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Melissa Geisler Trafton writes, “When news of the second year of the devastating Irish potato famine reached Boston in 1846, Bostonians formed a relief committee and began to look for ways to help. Robert Bennet Forbes lobbied the U.S. Navy for use of the “Jamestown,” a sloop that was lying idle in Charlestown Navy Yard. On March 3, 1847, by United States Congressional resolution, R. B. Forbes was authorized to take command of the “Jamestown,” while Captain George Coleman McKay was authorized to command USS “Macedonian,” then at New York Navy Yard. Tons of food and $151,000 were donated and loaded onto the “Jamestown” by the Boston Labourers Society (mostly Irish), free of charge. On March 28, 1847, the “Jamestown” left Boston at 8:30 a.m. under the command of R. B. Forbes, who managed to complete the Atlantic crossing in a record-breaking seventeen days.

Upon his return, Forbes wrote a book about the voyage, Voyage of the Jamestown in Her Errand of Mercy. In 1847 Lane was running his own lithography shop in Boston with his partner John Scott. Lane had already made two lithographs of Forbes’s innovative steam-powered vessels in 1845, Auxiliary Steam Packet Ship Massachusetts (inv. 442) and Steam packet ship Mass., in a Squall, Nov. 10, 1845 (inv. 443). It was natural that, in 1847, Forbes would turn to Lane to make a lithograph for the frontispiece of his book.” –Melissa Geisler Trafton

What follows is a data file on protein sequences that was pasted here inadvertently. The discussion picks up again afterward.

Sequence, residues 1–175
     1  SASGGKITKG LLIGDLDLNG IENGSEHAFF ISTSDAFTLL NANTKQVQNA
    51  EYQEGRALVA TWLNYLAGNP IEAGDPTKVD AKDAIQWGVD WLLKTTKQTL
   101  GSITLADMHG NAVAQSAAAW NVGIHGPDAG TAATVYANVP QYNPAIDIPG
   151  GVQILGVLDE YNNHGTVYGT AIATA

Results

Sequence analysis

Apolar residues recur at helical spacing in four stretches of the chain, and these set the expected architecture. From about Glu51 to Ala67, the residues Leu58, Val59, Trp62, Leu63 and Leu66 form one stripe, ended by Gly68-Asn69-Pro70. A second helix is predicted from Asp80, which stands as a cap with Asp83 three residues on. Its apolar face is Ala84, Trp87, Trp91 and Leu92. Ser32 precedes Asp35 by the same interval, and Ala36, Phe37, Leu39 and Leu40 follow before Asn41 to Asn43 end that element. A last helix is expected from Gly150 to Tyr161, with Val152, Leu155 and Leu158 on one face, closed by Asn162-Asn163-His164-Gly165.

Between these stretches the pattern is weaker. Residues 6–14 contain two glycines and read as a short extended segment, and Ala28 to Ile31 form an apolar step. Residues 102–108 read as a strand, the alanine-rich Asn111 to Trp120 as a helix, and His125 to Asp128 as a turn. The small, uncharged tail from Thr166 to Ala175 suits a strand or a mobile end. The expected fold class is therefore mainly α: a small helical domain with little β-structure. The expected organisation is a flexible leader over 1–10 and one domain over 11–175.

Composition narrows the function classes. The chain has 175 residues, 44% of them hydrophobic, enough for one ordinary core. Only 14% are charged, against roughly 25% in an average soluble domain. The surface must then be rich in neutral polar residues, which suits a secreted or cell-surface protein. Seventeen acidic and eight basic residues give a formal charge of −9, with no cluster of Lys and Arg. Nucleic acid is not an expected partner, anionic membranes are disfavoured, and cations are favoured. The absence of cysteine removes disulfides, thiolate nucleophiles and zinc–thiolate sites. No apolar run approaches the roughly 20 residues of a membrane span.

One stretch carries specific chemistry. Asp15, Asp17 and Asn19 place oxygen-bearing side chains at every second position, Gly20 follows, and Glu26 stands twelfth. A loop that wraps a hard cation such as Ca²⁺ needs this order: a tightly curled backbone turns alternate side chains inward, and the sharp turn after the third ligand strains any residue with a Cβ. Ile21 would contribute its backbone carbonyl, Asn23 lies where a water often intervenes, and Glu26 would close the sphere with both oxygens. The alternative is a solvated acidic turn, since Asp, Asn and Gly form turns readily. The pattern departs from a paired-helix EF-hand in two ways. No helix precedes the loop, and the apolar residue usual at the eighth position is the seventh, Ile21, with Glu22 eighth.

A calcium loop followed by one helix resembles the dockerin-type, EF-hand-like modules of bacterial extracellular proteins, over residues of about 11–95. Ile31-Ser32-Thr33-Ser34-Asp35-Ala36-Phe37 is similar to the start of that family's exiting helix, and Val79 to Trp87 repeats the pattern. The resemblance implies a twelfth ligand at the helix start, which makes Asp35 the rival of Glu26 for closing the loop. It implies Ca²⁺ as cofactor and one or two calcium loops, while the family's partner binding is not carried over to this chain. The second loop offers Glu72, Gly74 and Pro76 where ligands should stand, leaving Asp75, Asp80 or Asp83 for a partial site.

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Last Photograph of General Grant

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John G. Gilman, of Canajoharie, New York, photographed Ulysses S. Grant (1822-1885) at his summer home at Mount McGregor on July 22, 1885. The photographer came back a few days later, after Grant’s death and photographed Grant’s home inside and out. These photographs were collected and published as Gilman’s Series of Grant Views Taken at Mt. McGregor.  The Graphic Arts Collection owns only one print from the series, labeled Last Photograph of Gen. Grant, Four Days Before Death.

A death mask was made of Grant’s face and Princeton University is fortunate to have one plaster pulled from the mould. https://blogs.princeton.edu/graphicarts/2013/03/grant.html
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general grant3John G. Gilman, Last Photograph of Gen. Grant, 1885. Albumen silver print. Graphic Arts Collection GAX 2009.00835

 

Missing photograph from Willats Album

willats There are several pages in the 19th-century photo-album assembled by the London optician Richard Willats that are missing the photographs. http://arks.princeton.edu/ark:/88435/k930bx11x

It turns out several were removed from the album some years ago (or were already loose) and were matted separately.

salt printThis dark, rich photogram was at the top of p. 45 in the Willats album, clearly indicated by the trimmed corners. A note on the page says “Energiatype by John Croucher” but this is not an iron-based print and the note must refer to the missing photograph at the bottom right. The photographer of this photogram remains unknown.